NORMAN, Okla. (KFOR) -- The empty containers once held Coronas, Queen Bees, Macanudos, and Padrons, but Larry Allen doesn't smoke.
He doesn't need cigar boxes for extra Christmas cards or spare pencils.
"Find the wood you like. Find the box you like," he suggests.
He likes them for the sounds they make when you put them together with spare pieces of wood he collects from construction sites around his garage workshop in Norman.
"Most of the wood we use is either re-claimed or re-purposed," he insists. "I can just immerse myself in sawdust and strings."
The creative tradition comes from a mix of poverty and boredom.
The first cigar box instruments stretch back to at least the Civil War and right on through the Dust Bowl in Oklahoma.
"Where people had nothing," he explains. "But they were still looking for something to give them a little satisfaction, a little relief."
Homemade music sprang from homemade instruments a lot like these, broom wire stretched between a couple of nails over a cigar box.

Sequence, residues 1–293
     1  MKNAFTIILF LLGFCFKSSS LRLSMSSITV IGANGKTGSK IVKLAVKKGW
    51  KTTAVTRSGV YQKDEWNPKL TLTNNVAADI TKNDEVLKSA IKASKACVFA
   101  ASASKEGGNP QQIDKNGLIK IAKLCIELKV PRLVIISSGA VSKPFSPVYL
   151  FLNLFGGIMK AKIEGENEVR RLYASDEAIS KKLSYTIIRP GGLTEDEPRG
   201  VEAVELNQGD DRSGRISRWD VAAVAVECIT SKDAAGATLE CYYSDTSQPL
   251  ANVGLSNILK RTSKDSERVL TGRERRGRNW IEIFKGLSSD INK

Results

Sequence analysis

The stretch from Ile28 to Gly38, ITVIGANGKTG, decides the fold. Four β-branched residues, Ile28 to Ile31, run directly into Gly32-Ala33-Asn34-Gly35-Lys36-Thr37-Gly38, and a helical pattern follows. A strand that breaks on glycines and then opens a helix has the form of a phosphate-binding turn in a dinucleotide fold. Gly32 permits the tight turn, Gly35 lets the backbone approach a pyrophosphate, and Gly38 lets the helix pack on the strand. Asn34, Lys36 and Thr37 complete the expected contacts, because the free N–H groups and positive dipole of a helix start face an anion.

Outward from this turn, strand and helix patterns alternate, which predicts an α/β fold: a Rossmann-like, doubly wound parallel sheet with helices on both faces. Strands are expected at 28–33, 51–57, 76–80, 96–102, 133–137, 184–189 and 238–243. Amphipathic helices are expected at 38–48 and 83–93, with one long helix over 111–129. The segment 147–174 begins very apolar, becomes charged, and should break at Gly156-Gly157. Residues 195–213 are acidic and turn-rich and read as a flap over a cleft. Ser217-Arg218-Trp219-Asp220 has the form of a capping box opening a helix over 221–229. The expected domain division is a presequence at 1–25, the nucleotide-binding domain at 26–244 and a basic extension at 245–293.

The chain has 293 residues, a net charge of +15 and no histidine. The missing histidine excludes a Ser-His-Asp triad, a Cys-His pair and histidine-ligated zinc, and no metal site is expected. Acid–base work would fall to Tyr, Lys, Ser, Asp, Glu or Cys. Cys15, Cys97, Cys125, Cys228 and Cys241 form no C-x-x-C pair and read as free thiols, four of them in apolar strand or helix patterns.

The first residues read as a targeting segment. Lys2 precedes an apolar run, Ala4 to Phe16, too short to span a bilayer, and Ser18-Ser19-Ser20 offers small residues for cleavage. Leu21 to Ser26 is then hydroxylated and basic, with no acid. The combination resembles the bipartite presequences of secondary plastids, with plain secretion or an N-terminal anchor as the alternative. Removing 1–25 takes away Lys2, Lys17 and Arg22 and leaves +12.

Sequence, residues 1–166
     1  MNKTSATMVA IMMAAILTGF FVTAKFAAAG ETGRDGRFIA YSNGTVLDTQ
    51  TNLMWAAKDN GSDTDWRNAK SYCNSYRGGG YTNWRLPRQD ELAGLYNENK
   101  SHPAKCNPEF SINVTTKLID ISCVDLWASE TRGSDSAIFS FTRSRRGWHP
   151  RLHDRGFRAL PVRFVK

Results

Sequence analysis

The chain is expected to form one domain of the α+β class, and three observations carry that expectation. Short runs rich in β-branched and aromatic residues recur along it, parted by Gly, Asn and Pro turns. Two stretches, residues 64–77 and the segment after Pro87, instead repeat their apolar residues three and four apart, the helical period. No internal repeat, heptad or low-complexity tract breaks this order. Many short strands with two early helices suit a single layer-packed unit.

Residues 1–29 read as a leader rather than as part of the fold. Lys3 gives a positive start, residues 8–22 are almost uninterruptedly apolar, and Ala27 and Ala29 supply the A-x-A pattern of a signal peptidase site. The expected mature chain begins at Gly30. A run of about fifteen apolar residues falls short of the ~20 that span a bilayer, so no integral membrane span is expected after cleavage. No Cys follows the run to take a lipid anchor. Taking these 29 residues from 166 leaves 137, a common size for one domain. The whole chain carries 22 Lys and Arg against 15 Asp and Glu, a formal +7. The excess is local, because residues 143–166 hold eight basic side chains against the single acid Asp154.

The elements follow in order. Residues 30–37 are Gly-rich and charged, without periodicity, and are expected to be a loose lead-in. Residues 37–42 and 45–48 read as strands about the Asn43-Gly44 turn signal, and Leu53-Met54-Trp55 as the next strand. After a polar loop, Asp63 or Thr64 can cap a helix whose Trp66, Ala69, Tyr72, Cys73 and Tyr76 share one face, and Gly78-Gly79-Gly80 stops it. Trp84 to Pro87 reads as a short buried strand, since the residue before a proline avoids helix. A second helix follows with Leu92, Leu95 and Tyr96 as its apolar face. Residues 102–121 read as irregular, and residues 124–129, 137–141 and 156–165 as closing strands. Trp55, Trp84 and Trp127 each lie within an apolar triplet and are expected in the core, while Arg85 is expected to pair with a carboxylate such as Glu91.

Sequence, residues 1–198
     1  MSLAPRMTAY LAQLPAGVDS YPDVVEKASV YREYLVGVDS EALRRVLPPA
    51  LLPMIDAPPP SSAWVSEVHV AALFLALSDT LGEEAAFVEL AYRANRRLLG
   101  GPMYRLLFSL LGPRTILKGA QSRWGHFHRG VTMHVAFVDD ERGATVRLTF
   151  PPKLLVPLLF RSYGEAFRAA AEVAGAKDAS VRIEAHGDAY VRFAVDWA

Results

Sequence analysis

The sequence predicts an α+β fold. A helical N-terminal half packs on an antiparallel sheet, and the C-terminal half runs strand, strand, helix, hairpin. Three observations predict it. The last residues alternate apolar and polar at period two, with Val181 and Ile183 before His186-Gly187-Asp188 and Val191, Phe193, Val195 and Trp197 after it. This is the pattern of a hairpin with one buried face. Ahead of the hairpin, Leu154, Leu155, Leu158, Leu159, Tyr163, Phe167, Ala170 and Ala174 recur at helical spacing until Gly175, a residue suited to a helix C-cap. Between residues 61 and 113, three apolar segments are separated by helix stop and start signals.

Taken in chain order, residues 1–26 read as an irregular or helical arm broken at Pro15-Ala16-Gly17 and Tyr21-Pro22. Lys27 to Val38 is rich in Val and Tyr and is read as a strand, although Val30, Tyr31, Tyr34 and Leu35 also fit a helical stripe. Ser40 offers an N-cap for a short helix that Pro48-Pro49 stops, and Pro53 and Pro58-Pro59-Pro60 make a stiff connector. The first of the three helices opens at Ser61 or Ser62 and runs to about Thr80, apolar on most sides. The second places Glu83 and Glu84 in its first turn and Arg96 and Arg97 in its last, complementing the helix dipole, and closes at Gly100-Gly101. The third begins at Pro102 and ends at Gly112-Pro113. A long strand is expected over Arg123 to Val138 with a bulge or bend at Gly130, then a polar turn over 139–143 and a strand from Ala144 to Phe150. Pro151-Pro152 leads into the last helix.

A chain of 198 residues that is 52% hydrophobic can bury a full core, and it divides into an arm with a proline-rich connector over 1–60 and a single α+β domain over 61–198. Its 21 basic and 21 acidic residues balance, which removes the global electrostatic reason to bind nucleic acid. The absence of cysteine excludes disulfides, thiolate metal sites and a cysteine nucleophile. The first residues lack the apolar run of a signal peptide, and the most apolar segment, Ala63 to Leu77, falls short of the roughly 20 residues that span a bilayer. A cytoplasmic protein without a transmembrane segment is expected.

Allen started making them about a year ago.
He liked it so much his wife told him to go into business.
Allen recalls her advice as, "You either, A, quit building these things, or, B, we need to go into business and start selling them because we have no more room."
Larry makes most of his guitars with three strings, a few with just one.
License plates make for a good steel guitar sound.
He puts acoustic pickups on them and away they fly.
There's something about that sound that seems to bring back memory.
Allen says they're, "easy to make. Easy to play, and a lot of fun."
Larry has been too busy in the workshop to learn to play much, but his wife Sharon gives each one a good test drive.
No two are ever quite alike, but that's a good thing.
The music they play best is homespun and original too, straight from the hearth and the heart of Oklahoma.
Larry Allen's Twister Strum cigar box guitars are sold from several different arts and crafts shows throughout the state.